Ever since the surprise pennant in 1993, the Phillies had regressed. The ’93 stars were all gone by 2001. One, Schilling, would help the  Diamondbacks win a World Series that November, in just their fourth season.  The minor-leagues were devoid of talent. A big-market club, the revenue-deprived Phillies actions seemed decidedly small-minded. A frustrated fan base, inflamed by the growing power of ill-tempered radio hosts, grew ever more alienated.

 The Phillies had drawn 1.6 million fans in 2000, their worst attendance showing since 1973. A year later, that figure  would inch up slightly, to 1.78 million, a total only five teams – White Sox, Marlins, Devil Rays, Royals and Expos – failed to surpass.

  While the 2011 Phils have played to nothing but sellouts at home, in 2001 3,226,257 seats went unsold at the 61,831-seat Vet.

 Their Opening Day payroll was $41 million, $6 million less than in 2000. That ranked them 24th among baseball’s 30 clubs, lower than such traditional tightwads as Pittsburgh, Cincinnati and Tampa Bay. Atlanta, the team the Phillies would have to catch if they ever wanted to win another NL East title, spent $97 million in 2001, the Yankees $109 million.

 Their highest-paid player, catcher Mike Lieberthal ($6.3 million), played in just 34 games that season. Their second highest-paid player, third-baseman Scott Rolen ($5.5 million) wanted out and midway through the following season was accommodated. Their third highest-paid player, rightfielder Bobby Abreu ($4.9 million), performed with a laid-back demeanor that won him few fans here.

  There were, however, some glimmers of roster hope. The Sept. 7 lineup that faced Montreal’s Javier Vazquez included rookie shortstop Jimmy Rollins, whom Bowa had installed at the position and in the leadoff spot. Second-year leftfielder Pat Burrell hit sixth.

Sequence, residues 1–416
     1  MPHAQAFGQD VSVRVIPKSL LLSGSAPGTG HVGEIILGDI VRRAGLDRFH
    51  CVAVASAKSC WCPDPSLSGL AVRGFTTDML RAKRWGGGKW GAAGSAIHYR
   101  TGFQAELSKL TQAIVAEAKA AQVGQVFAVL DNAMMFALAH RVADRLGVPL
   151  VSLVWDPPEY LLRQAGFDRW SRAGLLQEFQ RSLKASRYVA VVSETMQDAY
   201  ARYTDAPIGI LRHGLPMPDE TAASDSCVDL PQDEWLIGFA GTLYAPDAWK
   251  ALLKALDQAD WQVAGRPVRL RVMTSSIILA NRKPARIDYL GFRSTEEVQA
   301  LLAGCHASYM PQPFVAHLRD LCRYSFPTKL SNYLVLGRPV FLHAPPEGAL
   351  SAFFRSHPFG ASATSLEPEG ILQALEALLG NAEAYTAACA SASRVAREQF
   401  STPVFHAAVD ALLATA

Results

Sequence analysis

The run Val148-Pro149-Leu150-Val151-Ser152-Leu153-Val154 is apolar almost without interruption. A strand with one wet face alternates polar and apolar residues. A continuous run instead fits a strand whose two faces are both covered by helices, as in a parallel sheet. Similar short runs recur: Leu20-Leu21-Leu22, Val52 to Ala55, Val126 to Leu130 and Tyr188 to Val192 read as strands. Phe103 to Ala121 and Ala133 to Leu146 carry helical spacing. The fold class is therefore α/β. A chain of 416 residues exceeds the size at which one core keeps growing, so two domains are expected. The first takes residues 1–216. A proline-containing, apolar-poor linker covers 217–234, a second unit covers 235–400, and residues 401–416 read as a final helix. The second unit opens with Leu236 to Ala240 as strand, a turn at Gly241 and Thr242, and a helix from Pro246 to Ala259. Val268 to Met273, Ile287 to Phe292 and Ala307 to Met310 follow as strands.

Rollins’ enthusiasm, in particular, was a welcome tonic for a team whose bland personality mirrored that of Abreu, Lieberthal, Randy Wolf, moribund first-baseman Travis Lee and even Burrell.

 But more importantly, the Phils had begun to draft well. They selected Chase Utley with their No. 1 pick in 2000 and made Ryan Howard a fifth-rounder just three months before that ’01 game in Montreal. A year later, their top choice would be a California lefthander, Cole Hamels.

 Bowa’s presence helped too, certainly in renewing fan interest in his old team. A somewhat feistier Phils led the division throughout the first half of 2001. Even after the loss to Montreal, they were a surprising 3.5 games behind the Atlanta Braves.

 Their lineup scored runs. But without Schilling, an ace-less rotation of Wolf, Omar Daal, Robert Person, and a mix of Duckworth, David Coggin and Amaury Telemaco wasn’t good enough to push them into the postseason.

 Though improved, the ’01 Phils finished at 86-76, two games behind the division-winning Braves and well back of the wild-card Cardinals.

 The lineup and rotation changed very little in 2002, when Hamels was drafted, but the Phils slipped back to sub-.500, 80-81. Their attendance declined to 1.6 million.

 Then in the first week of December came the John the Baptist move that would signal the rebirth to come.

 In what was the Phillies’ biggest free-agent acquisition since Pete Rose nearly a quarter-century earlier, they signed slugger Jim Thome to a six-year $85 million deal, making the first-baseman the highest-paid Phillie in history.

  Philadelphia loved Thome, who returned the affection by hitting 47 home runs. There was a buzz about the Phils again and attendance in the Vet’s final season jumped 600,000 to 2.2 million.

 The crowds and the Thome home runs continued when the team moved across the parking lot to Citizens Bank Park for the 2004 season.

 And ever since, like one of Thome’s signature home runs, this once-forlorn franchise has seen its fortunes arc continually upward